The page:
There’s also a large Vietnamese population in Seattle, so there are really great pho spots but not a lot of Vietnamese restaurants doing other things. Rainier Restaurant and BBQ is one place that a lot of people overlook. The name is misleading because it has nothing to do with barbecue, but it’s a place with quality Vietnamese food. You can get fried baby clams with rice crackers or Vietnamese crepes (bánh xèo), and whole-fried catfish. It has a little bar upstairs with karaoke, so you can grab some drinks and snacks and do that too.

Delicious Parking-Lot Tacos

Taqueria Los Potrillos is another hidden gem: a stationed food truck in the parking lot of a gas station. It is probably my favourite Mexican food spot in Seattle and one of my favourite places to grab lunch. It’s a lot better than most of the sit-down restaurants and for a sliver of the price. While there’s a lot of Mexican food here, not all of it is great. You have to drive pretty far south to get the fantastic stuff. But everything this truck makes is incredible, from the tacos and burritos to the Camarones a la Diabla (spicy devilled shrimp).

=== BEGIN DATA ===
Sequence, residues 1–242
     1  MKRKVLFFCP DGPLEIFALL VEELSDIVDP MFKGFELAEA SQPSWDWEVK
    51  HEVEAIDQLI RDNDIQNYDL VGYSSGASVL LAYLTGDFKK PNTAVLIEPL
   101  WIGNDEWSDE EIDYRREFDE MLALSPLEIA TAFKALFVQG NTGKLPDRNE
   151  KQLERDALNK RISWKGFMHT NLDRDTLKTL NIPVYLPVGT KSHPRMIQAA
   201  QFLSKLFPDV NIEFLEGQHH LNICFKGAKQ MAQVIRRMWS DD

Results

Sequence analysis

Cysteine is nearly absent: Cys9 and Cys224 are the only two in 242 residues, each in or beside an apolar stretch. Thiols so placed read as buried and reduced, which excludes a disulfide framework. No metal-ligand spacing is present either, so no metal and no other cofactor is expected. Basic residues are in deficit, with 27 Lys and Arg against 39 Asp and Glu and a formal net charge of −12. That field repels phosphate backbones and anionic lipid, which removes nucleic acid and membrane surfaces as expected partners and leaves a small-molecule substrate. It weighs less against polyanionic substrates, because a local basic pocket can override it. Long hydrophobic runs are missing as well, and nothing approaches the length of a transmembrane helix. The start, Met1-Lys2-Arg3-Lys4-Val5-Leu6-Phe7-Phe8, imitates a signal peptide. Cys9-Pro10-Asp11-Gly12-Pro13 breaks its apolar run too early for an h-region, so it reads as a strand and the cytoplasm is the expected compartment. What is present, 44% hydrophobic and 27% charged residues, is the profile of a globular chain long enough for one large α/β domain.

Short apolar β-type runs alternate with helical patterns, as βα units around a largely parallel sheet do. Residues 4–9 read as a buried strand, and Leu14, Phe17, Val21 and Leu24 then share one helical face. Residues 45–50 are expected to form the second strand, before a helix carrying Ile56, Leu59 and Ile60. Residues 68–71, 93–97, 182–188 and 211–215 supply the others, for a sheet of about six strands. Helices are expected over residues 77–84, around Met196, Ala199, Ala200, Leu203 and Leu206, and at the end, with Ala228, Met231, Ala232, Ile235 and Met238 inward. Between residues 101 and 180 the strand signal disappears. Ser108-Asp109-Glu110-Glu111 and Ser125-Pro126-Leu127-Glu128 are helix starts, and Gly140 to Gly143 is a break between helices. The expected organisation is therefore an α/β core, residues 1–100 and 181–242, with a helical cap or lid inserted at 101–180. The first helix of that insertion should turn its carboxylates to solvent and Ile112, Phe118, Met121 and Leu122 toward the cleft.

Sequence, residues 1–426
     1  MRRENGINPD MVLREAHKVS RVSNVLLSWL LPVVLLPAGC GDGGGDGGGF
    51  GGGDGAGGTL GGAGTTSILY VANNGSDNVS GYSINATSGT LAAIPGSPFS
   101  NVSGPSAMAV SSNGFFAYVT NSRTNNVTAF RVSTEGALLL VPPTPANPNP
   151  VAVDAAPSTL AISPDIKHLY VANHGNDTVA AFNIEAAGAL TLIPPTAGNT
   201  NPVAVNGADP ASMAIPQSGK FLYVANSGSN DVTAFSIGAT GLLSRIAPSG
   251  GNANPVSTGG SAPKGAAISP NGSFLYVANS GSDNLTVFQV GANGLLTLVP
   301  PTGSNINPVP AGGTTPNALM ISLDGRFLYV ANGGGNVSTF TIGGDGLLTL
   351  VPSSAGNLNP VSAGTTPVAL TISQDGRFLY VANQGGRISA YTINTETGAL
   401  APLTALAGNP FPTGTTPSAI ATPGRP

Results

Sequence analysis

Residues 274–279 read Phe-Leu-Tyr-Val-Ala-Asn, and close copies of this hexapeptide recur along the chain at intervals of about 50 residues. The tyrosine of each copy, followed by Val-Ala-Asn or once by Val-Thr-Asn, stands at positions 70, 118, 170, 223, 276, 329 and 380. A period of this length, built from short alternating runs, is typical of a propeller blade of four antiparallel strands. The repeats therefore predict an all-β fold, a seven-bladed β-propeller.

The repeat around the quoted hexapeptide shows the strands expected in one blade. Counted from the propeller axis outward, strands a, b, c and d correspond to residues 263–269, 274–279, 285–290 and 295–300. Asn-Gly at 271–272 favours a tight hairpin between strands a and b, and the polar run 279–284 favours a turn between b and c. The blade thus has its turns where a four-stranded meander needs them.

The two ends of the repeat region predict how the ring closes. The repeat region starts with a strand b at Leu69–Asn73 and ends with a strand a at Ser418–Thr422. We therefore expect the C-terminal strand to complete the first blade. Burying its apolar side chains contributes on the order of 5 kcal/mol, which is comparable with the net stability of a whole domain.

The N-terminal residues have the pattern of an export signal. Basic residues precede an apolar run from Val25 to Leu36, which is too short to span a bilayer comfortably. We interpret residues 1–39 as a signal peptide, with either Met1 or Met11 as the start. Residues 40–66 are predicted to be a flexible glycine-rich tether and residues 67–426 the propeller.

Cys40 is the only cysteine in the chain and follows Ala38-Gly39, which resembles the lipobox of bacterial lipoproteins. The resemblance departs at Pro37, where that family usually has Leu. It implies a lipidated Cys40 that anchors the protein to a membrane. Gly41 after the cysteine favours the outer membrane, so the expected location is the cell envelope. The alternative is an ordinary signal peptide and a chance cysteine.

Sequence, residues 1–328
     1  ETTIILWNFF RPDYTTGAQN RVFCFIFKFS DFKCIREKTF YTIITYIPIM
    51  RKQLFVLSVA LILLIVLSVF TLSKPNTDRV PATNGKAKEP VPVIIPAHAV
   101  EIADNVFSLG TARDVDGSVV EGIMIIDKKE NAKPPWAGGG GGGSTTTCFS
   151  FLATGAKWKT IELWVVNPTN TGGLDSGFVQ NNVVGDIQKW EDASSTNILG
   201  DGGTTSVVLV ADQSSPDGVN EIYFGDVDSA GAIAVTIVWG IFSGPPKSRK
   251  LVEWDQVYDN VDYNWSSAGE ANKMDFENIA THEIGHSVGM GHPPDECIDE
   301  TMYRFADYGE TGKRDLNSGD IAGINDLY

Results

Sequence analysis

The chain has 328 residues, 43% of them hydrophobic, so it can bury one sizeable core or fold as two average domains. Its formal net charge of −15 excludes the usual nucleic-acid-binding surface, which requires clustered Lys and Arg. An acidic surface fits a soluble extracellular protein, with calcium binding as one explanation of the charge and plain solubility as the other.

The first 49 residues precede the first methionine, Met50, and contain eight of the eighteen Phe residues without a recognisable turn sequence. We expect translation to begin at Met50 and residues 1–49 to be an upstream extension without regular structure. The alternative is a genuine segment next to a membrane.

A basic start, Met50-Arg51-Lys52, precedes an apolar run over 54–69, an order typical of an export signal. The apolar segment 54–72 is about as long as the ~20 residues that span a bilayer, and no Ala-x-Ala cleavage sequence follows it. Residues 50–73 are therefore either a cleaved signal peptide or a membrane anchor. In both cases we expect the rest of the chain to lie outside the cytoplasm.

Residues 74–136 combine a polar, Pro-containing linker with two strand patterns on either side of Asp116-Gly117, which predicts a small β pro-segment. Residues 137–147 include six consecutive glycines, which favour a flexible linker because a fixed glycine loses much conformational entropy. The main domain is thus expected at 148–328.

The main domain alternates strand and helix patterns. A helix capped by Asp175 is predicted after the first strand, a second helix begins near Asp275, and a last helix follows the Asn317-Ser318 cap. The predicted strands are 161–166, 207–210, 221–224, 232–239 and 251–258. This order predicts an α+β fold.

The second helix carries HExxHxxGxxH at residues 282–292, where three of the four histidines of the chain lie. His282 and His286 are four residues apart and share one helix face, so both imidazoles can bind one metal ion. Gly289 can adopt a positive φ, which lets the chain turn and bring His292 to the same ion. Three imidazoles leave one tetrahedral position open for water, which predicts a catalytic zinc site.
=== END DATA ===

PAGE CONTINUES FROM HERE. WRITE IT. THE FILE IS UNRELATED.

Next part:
Cheap Beer and a Round of Pinball

One of my haunts is a dive bar in Belltown called Shorty’s. It’s run by a bunch of old punks and is right in the heart of an area where a lot of musicians live. The theme of the place is kind of a Coney Island pinball arcade, so they have 10 or 15 different vintage pinball machines which I enjoyed playing growing up. Lots of friends have worked there over the years so I’ve always loved to grab a cheap beer and play some pinball there. 

Craft Beer and High-Standard Bar Food

The head brewmaster at Standard Brewing was a cocktail bartender for almost two decades. His understanding of flavour is really unique which makes his beers amazing. He has a another label called Sovereign Brewing which features more of his bottle-conditioned and barrel-aged beers. In American breweries, the food is usually an afterthought, but Standard is one of the few breweries in Seattle where you can go for the food just as much as for the beer. Chef Wiley Frank is really talented. I’ve worked with him previously and he’s one of the best cooks I know. Everything he makes from the tacos to the French dip sandwiches is of very high standards.